• Hi David, I do not think Cassandra was murdered. She apparently was ill in July 1813, as she made out her will then. She died sometime between then and March 1814, when one of her daughters took the will to probate court in Baltimore. She supposedly left New Orleans sometime after July 1813 on a ship bound for Baltimore which stopped at Beaufort, N.C., where it seems she had her nightmare and wrote about it. The folklore says she delayed her return for a few days in consequence, and got on a ship called the Corinthian, which was never heard from again. No contemporary newspaper has any ship by that name listed in its ship news for the time periods of 1812-1815, so the ship name is incorrect, at least. As for what could have happened to the ship, very doubtful it was waylaid by pirates: a much more likely scenario is it got caught in a storm and sank, especially given there was a hurricane off the east coast in late August-early September 1813. Some versions of the folklore have her having been a victim of some of Jean Laffite’s men, but that is highly unlikely, they did not cruise off North Carolina, especially not in 1813 when there was a British blockade off the East Coast of the US. This is not to say that the Laffite brothers did not know Cassandra: her boarding house was right across the street from the Exchange Coffee House in New Orleans where they frequently visited. Re ties to Gen. Wilkinson, that is possible. Her husband, Benedict, was somehow involved in land selling schemes in 1807-1808 and frequently advertised land for sale in the New Orlean paper. He also seems to have been some sort of business associate of Beverly Chew and Daniel Clark. Anyway, to summarize, much of the story about Cassandra did not come to light until around 1920, long after even her children were all dead, so it would seem a great deal of it has been tainted by fiction wrapped around a few facts verifiable from contemporary accounts and paperwork.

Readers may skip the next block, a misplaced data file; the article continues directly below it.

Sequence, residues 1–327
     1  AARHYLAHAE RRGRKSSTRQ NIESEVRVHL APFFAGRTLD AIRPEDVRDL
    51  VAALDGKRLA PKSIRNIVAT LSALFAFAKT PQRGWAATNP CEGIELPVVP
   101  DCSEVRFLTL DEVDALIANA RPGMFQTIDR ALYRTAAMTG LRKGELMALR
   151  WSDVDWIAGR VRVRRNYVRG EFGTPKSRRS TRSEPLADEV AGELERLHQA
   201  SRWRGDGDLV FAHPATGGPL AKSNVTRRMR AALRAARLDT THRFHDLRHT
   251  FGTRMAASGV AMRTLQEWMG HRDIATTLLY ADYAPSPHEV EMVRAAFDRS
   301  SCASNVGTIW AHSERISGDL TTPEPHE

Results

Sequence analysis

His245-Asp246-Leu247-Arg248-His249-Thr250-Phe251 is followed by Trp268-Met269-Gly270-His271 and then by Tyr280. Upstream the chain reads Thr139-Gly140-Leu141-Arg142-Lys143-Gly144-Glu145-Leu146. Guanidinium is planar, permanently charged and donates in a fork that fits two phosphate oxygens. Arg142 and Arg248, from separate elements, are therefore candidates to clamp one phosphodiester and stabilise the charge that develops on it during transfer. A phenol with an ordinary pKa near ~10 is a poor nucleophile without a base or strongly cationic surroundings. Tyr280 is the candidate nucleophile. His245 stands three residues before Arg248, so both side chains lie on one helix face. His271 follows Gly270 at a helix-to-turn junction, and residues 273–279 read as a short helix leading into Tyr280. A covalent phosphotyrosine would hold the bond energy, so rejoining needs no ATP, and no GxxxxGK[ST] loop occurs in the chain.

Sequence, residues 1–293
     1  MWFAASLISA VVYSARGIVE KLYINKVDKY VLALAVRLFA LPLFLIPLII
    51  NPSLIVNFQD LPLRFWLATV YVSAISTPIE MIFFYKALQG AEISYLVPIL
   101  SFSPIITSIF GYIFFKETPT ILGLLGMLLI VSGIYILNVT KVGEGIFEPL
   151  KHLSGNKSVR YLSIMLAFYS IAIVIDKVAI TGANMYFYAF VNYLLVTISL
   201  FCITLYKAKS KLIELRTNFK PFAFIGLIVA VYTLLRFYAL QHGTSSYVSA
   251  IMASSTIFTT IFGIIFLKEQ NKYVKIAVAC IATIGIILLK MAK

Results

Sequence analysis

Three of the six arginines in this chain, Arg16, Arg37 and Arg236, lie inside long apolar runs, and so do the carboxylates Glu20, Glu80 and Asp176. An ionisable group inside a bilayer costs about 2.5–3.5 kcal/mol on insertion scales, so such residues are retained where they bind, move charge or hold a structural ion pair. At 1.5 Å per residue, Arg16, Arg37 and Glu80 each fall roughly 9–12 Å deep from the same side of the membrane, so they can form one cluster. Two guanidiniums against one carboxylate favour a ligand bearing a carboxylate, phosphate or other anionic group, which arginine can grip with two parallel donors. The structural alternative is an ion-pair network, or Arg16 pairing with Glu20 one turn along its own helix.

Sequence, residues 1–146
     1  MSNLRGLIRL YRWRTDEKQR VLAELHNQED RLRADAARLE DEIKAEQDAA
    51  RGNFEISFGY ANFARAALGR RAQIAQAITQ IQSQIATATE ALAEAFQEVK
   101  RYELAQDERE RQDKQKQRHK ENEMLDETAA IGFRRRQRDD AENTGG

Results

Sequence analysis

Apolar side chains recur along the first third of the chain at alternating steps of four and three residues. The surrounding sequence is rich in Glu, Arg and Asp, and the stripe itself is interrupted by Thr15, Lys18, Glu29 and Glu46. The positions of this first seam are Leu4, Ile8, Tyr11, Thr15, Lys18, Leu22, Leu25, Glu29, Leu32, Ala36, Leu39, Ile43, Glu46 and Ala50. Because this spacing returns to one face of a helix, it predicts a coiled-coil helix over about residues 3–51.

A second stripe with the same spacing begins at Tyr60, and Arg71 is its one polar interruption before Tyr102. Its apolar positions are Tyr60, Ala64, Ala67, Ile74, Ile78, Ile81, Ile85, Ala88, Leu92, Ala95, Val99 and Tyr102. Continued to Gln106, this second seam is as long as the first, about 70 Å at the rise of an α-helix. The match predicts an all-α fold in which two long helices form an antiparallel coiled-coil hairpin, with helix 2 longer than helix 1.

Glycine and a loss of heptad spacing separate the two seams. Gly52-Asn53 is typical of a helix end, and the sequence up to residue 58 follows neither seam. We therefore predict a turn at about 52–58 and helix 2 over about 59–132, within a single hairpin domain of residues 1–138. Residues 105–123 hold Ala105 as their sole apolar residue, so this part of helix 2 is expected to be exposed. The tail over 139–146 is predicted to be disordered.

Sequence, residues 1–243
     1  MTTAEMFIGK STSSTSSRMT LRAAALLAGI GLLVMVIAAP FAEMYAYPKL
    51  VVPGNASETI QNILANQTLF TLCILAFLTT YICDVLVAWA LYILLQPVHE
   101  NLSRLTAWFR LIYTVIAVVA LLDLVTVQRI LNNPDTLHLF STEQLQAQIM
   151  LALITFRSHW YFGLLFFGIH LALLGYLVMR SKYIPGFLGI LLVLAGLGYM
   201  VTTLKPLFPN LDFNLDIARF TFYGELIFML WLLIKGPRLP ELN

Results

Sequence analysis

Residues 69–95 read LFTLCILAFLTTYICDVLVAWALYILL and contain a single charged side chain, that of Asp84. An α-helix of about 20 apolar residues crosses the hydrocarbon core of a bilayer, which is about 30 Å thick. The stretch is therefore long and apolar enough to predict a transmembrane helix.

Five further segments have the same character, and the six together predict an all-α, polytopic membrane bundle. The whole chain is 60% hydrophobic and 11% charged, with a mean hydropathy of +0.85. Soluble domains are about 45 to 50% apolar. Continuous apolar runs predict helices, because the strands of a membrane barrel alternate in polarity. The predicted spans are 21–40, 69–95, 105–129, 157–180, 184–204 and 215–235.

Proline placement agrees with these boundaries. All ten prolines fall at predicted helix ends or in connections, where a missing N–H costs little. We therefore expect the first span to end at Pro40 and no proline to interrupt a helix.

• Thank you so much Pam for your insights. Is there an inventory taken after the raid on Barataria? On March 19th 1814 George Dorsey of New Orleans gave testimony that Cassandra left in late August for Beaufort, NC. Who is Dorsey? We have allied Dorsey family in Maryland but I can’t place him or Greenberry Dorsey. The hurricane would have hit the ship one or two days out of Beaufort – then she would have been in the protection of the Chesapeak Bay. Or why not just go overland 400 miles to Maryland? Was the British blockade stopping all ships? When did the hurricane hit – the British navy keep meticulious records? I have read a good many of her families letters and not a word about her. I have a good many of Col. Owings letters – same.